Patriotic Citizens: Arguments from Buganda, 1940–56

Sunday, January 8, 2012: 12:00 PM
Michigan Room A (Sheraton Chicago Hotel & Towers)
Carol Summers, University of Richmond
Citizenship is generally discussed in relation to sovereign states. Africa in the post-World War II era, though, failed to follow such models. This paper will explore how badly the language of citizenship and activism put forward by Baganda activists fit with more conventional images of sovereign, bounded states and nations.

In East Africa, the size and scope of states and the degree of sovereignty that “independence” would offer people in Africa was far from obvious. British planners sought big multiracial regional aggregates and advocated an East African Union, or at least a greater Uganda, to facilitate decolonization and allow local people to become citizens of a new political association offering rights and resources for development within a newly expanded state.  Baganda, though, understood Union as aliens claiming their land, interfering with their wealth and entrepreneurship, attacking their independence, and rejecting their historical distinctiveness. Activists therefore advocated initiatives proposing a patriotic citizenship in Buganda. Their loyalty was not simply to clans or king, but to an identity with modern substance and symbols that included a parliament, courts, police, and other bureaucratic institutions, along with elections, a flag, and a national anthem. This activism culminated in 1953 when Buganda’s parliament proposed secession from Uganda.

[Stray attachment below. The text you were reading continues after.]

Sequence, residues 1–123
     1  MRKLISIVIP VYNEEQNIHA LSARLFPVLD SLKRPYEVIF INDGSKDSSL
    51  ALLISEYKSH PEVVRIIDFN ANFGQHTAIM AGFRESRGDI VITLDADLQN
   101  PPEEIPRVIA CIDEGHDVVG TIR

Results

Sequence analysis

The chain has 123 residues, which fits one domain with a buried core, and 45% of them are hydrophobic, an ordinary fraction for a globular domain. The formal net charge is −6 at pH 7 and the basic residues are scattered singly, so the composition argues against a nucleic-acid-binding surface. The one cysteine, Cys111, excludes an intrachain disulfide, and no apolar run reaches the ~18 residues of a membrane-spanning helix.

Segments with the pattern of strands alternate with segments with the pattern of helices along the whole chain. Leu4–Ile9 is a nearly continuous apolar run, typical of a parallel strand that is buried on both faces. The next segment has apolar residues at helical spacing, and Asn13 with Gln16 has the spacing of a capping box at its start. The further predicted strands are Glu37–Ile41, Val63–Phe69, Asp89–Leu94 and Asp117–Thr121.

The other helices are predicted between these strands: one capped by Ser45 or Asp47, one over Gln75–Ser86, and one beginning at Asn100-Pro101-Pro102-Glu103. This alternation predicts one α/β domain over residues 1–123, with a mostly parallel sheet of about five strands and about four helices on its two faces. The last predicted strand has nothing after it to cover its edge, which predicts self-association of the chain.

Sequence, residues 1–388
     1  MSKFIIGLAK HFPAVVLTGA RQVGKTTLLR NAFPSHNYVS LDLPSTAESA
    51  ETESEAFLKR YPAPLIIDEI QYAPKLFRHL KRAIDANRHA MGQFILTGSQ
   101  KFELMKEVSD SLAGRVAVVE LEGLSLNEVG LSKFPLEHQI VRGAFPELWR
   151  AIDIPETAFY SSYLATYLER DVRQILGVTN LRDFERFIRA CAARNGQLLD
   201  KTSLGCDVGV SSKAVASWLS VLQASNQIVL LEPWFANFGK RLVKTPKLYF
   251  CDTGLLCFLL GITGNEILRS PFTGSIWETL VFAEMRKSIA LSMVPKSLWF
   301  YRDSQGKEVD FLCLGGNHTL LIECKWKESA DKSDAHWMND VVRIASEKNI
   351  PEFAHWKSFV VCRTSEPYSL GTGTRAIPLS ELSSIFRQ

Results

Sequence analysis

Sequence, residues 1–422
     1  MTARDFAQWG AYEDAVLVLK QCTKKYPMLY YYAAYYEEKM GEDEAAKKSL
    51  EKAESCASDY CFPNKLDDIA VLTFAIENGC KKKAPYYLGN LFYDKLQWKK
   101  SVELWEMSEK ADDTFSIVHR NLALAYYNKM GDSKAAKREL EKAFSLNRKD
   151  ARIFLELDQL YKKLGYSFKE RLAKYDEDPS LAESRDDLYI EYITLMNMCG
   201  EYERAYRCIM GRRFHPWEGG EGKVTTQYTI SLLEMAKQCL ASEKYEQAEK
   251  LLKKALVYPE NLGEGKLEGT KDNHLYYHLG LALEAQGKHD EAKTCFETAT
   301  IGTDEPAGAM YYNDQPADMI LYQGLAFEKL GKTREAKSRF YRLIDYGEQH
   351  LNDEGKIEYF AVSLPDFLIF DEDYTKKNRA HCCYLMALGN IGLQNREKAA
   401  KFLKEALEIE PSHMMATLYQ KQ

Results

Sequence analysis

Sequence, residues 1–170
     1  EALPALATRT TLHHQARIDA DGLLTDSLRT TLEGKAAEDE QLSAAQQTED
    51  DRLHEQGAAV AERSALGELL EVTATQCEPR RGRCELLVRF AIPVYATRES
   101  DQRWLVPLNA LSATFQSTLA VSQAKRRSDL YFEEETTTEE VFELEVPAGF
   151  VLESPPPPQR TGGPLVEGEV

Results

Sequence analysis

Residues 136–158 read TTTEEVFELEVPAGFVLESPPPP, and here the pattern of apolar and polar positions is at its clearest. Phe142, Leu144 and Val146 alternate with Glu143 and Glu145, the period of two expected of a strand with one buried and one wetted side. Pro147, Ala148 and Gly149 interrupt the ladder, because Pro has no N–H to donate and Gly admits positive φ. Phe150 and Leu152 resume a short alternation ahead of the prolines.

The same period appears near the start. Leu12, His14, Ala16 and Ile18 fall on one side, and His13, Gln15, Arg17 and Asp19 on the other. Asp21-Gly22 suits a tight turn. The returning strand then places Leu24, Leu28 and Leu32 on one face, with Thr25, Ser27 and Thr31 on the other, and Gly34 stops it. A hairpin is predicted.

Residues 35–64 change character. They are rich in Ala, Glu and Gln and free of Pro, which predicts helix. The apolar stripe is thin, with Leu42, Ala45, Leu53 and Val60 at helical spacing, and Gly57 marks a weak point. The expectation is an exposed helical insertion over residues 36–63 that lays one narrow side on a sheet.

The rhetoric and actions of Buganda’s activists, documented in petitions, intelligence reports, anthropological studies and manifestos offer an opportunity to explore how post-WWII activists understood citizenship’s meanings and chose membership in a kingdom over affiliation with an empire, region, or bounded political state offering development and welfare initiatives. And they offer a glimpse of how, at least in Buganda, activists wanted not just a state and generic social and political rights, but specific, culturally and historically rooted citizenships grounded in a particular parochial Buganda, and indigenous rights and obligations.

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